• Washburn v. Washburn, Nos. 49309-0
    • United States
    • United States State Supreme Court of Washington
    • February 16, 1984
    ...has a value and should be included among the assets distributed upon a marriage dissolution. In re Marriage of Fleege, 91 Wash.2d 324, 588 P.2d 1136 (1979); In re Marriage of Kaplan, 23 Wash.App. 503, 597 P.2d 439 (1979); In re Marriage of Freedman, 35 Wash.App. 49, 665 P.2d 902, rev. denie......
  • Prahinski v. Prahinski, No. 1187
    • United States
    • Court of Special Appeals of Maryland
    • September 1, 1987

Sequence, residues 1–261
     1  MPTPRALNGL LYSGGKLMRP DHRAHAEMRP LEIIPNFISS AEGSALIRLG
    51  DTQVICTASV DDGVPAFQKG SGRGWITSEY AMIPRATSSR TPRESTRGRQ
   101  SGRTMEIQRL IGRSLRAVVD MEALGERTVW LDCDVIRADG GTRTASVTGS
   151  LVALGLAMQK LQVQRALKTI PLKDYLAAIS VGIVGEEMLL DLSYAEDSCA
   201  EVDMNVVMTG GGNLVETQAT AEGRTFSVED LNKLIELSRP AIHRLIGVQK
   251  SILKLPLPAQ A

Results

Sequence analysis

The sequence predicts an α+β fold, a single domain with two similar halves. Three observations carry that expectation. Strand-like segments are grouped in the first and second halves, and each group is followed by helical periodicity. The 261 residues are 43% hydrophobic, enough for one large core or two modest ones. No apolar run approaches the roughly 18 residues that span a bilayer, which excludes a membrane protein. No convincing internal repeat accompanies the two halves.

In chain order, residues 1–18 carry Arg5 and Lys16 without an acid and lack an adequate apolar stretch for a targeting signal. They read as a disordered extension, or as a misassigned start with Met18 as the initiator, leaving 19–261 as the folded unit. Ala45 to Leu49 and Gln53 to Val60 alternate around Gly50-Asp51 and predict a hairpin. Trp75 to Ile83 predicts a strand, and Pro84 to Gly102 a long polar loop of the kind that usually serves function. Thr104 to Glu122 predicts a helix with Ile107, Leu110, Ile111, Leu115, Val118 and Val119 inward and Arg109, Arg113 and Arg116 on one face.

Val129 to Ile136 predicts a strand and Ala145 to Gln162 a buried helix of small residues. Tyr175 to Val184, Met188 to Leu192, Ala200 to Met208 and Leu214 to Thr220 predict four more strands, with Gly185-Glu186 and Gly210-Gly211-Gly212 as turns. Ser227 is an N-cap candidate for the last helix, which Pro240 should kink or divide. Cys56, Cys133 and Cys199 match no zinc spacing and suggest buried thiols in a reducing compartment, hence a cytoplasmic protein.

...Goger v. Goger, 27 Or.App. 729, 557 P.2d 46 (1976); Nail v. Nail, 486 S.W.2d 761 (Tex.1972); In re Marriage of Fleege, 91 Wash.2d 324, 588 P.2d 1136 (1979) (en banc ); Holbrook v. Holbrook, 103 Wis.2d 327, 309 N.W.2d 343 (1981). The specific issue of the professional goodwill of an attorney......
  • Sorensen v. Sorensen, No. 870102-CA
    • United States
    • Court of Appeals of Utah
    • February 10, 1989
    ...Gardner, the Utah Supreme Court relied on Dugan v. Dugan, 92 N.J. 423, 457 A.2d 1 (1983), and In re Marriage of Fleege, 91 Wash.2d 324, 588 P.2d 1136 (1979), to support its conclusion that the goodwill of a professional corporation is subject to distribution in a divorce proceeding. See Gar......
  • Request a trial to view additional results